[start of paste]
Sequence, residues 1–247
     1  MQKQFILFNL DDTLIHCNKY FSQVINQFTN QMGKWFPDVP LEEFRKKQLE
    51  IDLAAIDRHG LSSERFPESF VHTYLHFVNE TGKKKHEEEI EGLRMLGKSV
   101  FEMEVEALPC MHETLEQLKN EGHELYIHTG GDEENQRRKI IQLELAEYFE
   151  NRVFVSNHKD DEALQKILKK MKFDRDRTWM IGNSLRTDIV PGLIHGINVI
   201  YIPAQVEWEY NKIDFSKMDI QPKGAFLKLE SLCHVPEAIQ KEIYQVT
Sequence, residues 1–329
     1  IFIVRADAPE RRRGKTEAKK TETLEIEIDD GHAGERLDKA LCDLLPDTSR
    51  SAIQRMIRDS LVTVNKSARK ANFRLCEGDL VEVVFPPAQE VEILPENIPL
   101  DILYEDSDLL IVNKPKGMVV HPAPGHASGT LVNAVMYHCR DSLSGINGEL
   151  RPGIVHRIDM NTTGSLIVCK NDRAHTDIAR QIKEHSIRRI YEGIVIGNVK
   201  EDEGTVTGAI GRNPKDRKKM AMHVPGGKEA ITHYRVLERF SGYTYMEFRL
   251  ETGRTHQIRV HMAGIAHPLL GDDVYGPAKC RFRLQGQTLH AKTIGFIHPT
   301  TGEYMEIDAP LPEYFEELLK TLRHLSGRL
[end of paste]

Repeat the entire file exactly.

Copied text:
Sequence, residues 1–247
     1  MQKQFILFNL DDTLIHCNKY FSQVINQFTN QMGKWFPDVP LEEFRKKQLE
    51  IDLAAIDRHG LSSERFPESF VHTYLHFVNE TGKKKHEEEI EGLRMLGKSV
   101  FEMEVEALPC MHETLEQLKN EGHELYIHTG GDEENQRRKI IQLELAEYFE
   151  NRVFVSNHKD DEALQKILKK MKFDRDRTWM IGNSLRTDIV PGLIHGINVI
   201  YIPAQVEWEY NKIDFSKMDI QPKGAFLKLE SLCHVPEAIQ KEIYQVT
Sequence, residues 1–329
     1  IFIVRADAPE RRRGKTEAKK TETLEIEIDD GHAGERLDKA LCDLLPDTSR
    51  SAIQRMIRDS LVTVNKSARK ANFRLCEGDL VEVVFPPAQE VEILPENIPL
   101  DILYEDSDLL IVNKPKGMVV HPAPGHASGT LVNAVMYHCR DSLSGINGEL
   151  RPGIVHRIDM NTTGSLIVCK NDRAHTDIAR QIKEHSIRRI YEGIVIGNVK
   201  EDEGTVTGAI GRNPKDRKKM AMHVPGGKEA ITHYRVLERF SGYTYMEFRL
   251  ETGRTHQIRV HMAGIAHPLL GDDVYGPAKC RFRLQGQTLH AKTIGFIHPT
   301  TGEYMEIDAP LPEYFEELLK TLRHLSGRL